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Recent excavations in Virginia City have history lovers anxious for the future.
Photo: Ron James (Maguire's Opera House excavation)
Old dusty buttons, rusted nails and bolts, and pieces of broken bottles and dinner plates. Most would classify these items as trash, but not those who dig for a living—or want to.
“Archaeologists love garbage,” says state historic preservation officer Ron James.
James’ agency provided the federal funds to finance the University of Nevada, Reno’s recent excavations of two historic areas in Virginia City, the Barbary Coast and the site of the original Maguire’s (later Piper’s) Opera House. Although the Barbary location yielded “spotty” results, according to James, the Maguire’s findings might just shed some light on a mysterious era in the town’s history.
“From the field work, we think we found remnants from when the opera house burned down in 1875,” James says. Some of the glass found appeared to be melted or scorched, for instance. “But deep below that there were some other objects that appear to date to a period before the 1863 construction of the opera house,” James adds. “It’s really exciting because that part of Virginia City’s history is practically myth.”
The Northern Nevada community, 24 miles from Reno, was founded in 1859 after the discovery of the Comstock Lode and still maintains the rustic look of an 1800s mining town. Maguire’s Opera House opened in 1863, was sold to John Piper, and became Piper’s Opera House in 1867. Piper’s burned down in 1875, relocated to its current home at B and Union streets in 1877, but was lost to fire again in 1883. The current theater dates to 1885.
The plan, besides the main purpose of educating anthropology students at UNR, is to use the lab results (preliminary findings are expected this winter) to come up with the best strategy for a follow-up excavation next summer—which just happens to coincide with Virginia City’s sesquicentennial celebration. “Anything we find is going to tell us a great deal that we don’t know right now,” James says.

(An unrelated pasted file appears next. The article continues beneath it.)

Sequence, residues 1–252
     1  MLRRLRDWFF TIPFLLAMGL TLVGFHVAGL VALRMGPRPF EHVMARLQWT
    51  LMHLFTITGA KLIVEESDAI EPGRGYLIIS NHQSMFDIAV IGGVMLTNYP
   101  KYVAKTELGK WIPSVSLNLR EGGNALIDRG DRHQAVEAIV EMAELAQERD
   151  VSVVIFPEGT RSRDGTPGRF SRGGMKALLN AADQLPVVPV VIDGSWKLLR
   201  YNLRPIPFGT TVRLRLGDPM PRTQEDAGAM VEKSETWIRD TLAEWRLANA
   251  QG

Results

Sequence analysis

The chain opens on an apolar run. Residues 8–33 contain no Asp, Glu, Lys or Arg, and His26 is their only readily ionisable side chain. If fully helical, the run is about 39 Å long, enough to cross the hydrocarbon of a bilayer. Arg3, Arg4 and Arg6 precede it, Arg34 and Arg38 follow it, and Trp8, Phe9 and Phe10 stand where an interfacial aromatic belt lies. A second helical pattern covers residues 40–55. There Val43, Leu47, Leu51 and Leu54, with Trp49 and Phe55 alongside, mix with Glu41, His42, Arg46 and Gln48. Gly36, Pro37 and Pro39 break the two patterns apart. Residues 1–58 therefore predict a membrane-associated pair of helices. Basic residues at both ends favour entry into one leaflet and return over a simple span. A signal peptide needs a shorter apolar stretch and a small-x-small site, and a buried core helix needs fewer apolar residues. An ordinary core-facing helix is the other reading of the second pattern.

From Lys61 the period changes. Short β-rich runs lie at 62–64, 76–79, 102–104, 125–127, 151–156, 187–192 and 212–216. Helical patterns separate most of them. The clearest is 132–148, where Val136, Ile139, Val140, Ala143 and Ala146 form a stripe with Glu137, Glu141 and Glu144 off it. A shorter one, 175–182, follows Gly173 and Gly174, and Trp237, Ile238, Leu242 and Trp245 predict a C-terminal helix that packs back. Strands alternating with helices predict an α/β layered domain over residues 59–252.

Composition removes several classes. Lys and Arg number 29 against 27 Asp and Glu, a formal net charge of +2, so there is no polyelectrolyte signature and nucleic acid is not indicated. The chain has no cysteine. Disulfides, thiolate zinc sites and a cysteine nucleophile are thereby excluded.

The prospects are especially intriguing for historians like James, who can’t help but feel antsy when he daydreams about Mark Twain attending performances at Maguire’s Opera House in the 1860s. As UNR students analyze the buttons, bottles, and other artifacts this winter, James can’t help but think what else might be looming in Virginia City’s soil.
Virginia City Sesquicentennial
Virginia City celebrates its 150th birthday June 5-7. Many of the events scheduled are free to the public. Costumed characters participating in Civil War reenactments and a Mountain Man Rendezvous will greet visitors. An old west gun show, pastry cook-off, and a rock-drilling competition are also on tap. The Fourth Ward School, St. Mary’s Hospital, and the Silver Terrace Cemetery also have special activities scheduled. Food vendors will be scattered throughout town, and a parade with marching band will kick off the event. Parking and in-town shuttles will be free. visitvirginiacitynv.com, 800-718-7587
Taking artifacts from public land is a crime, and trespass on private property compounded with the theft of artifacts could also result in prosecution. Visitors to historic sites should respect and photograph what remains. Please leave the remnants of the past as they are so others can enjoy them.
In Nevada Magazine’s January/February 2009 issue, read about the history of Maguire’s and Piper’s opera houses.